“You’re hot and you’re cold
You’re yes then you’re no…”
– Katy Perry
Does anyone empathize with Katy Perry’s feelings when dealing with injuries?
While, they’re both useful for musculoskeletal injuries, when are heat and / or cold treatment appropriate?
To answer the above, here’s a quick lesson on the Pathophysiology of Pain.
In response to tissue injury, special nerve endings called nociceptors are activated. The nociceptors send a basic message to the brain, “HELP! SOS!” Once the brain receives the message, a pain sensation is recognized and the inflammatory response units begin to move to the pain location.
In the inflammatory response, there is an increase in blood flow, local temperature as well as cell metabolism in the area of the injury. This process is responsible for destroying harmful agents, toxins and damaged tissue ensuing new tissue generation.
At the same time, our neurotransmitters (nerve signal biochemicals found at the nerve endings) basically spilt everywhere and become “hyperactive” increasing muscle contractions in the injured area. This overkill in muscle activity can further damage the tissue.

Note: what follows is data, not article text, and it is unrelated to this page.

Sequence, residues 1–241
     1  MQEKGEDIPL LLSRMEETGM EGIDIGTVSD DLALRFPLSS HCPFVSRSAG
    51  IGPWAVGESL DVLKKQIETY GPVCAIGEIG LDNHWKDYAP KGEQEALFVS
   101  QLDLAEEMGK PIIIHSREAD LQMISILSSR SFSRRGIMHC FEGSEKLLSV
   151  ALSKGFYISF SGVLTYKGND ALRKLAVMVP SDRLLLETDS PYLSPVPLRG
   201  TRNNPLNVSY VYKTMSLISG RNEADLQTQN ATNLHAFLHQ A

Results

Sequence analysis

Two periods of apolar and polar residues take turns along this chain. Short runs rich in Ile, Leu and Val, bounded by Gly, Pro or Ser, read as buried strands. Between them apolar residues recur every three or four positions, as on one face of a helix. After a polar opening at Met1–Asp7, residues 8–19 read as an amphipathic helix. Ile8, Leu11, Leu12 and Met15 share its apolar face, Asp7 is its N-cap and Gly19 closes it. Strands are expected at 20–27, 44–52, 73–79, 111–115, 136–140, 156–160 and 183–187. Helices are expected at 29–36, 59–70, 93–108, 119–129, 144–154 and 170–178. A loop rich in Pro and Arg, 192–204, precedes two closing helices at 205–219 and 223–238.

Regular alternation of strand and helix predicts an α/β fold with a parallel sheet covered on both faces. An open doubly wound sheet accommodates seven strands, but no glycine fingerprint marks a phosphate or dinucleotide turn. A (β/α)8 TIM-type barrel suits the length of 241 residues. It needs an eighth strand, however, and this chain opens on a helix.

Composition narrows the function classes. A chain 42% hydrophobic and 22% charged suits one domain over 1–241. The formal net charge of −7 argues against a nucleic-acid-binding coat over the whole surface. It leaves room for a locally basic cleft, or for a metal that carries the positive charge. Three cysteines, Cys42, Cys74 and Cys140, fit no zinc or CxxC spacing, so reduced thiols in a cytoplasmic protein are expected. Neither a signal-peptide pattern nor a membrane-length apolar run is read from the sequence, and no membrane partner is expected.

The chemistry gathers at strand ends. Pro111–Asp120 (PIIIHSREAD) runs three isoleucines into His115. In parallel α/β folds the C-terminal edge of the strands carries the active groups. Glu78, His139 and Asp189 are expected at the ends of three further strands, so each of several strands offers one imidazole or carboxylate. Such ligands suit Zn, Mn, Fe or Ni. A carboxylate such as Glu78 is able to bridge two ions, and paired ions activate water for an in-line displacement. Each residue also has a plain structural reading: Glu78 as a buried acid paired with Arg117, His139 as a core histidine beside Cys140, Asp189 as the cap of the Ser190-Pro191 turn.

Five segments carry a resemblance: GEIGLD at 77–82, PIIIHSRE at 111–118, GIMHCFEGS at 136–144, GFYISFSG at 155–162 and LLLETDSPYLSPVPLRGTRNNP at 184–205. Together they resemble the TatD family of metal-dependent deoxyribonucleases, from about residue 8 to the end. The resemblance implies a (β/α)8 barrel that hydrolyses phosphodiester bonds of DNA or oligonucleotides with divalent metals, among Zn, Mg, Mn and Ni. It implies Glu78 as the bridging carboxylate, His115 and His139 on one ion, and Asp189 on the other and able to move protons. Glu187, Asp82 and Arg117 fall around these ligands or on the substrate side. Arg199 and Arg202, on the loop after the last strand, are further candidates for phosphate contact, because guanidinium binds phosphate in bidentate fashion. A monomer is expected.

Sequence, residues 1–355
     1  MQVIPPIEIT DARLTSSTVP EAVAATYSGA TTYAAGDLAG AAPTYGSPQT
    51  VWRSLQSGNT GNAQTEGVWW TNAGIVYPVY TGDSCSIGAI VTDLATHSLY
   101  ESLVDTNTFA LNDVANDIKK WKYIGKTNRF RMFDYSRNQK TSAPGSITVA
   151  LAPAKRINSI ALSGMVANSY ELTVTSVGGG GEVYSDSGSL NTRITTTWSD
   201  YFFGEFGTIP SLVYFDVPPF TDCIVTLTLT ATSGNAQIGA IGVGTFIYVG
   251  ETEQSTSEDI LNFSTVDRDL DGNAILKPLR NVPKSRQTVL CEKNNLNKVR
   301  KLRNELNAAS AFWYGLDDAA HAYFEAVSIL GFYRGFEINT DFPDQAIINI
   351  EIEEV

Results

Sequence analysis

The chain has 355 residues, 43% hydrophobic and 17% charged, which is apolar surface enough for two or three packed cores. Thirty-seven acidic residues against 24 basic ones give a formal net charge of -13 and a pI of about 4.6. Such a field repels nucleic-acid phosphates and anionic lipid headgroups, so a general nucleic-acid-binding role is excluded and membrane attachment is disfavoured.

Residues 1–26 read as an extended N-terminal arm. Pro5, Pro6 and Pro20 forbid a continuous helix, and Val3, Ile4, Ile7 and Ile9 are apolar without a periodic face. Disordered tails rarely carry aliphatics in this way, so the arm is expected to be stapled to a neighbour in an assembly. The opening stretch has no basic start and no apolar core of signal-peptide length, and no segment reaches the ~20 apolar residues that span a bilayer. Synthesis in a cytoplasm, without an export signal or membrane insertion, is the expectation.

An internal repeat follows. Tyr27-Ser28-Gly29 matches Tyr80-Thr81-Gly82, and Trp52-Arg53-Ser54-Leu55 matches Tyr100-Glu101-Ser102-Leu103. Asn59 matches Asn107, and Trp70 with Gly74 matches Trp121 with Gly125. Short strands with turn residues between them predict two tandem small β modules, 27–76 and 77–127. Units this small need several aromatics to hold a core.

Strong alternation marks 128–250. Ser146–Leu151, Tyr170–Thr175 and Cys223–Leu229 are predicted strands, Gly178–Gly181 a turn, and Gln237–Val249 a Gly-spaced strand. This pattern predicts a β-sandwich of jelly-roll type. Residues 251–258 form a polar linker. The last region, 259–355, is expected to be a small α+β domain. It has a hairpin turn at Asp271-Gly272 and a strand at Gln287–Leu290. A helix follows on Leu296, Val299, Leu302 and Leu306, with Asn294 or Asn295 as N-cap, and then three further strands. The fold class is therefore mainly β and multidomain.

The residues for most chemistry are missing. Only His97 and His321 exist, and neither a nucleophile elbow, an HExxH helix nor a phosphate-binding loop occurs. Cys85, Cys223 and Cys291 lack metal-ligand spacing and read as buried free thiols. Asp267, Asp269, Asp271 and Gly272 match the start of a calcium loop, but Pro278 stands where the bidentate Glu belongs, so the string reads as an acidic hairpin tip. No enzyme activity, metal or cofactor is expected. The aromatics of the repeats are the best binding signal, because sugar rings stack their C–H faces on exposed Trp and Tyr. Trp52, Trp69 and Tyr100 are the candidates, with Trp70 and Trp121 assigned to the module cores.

So, in a nutshell, all this good (blood, oxygen and repair cells) and bad (toxins and harmful agents) stuff rushing to the injured area is what causes pain, swelling and spasms in your injury.
Hot or Cold?
In short, administering applicable treatment will depend on the ultimate outcome.
First off, what do you want the heat or cold treatment to achieve?
Heat therapy and cold therapy have opposing but effective uses for injury management and pain.
Heat (thermotherapy) is a muscle relaxant that increases blood flow, oxygen, metabolism and muscle extensibility and flexibility while cold therapy (cryotherapy) is a topical analgesic that decreases blood flow by constricting the blood vessels effectually reducing metabolism, oxygen and tissue extensibility and flexibility.
Back to this “What’s your ultimate outcome when treating an injury?” question.
As a general rule, if you’ve had a very recent injury and / or a joint or muscle is inflamed, your ultimate goal is to decrease swelling, stop the area from going into belligerent spasms and decrease the influx of the toxic agents. The immediate action to follow is to use an ice pack.
However, if you’re muscles are feeling stiff, immobile, lacking oxygen and need some good TLC, use a heat pack.
Hot and Cold
Hopefully that’s helped clarify the HEAT VS COLD debate and when someone asks you, you’ll know when to use heat and when you use cold.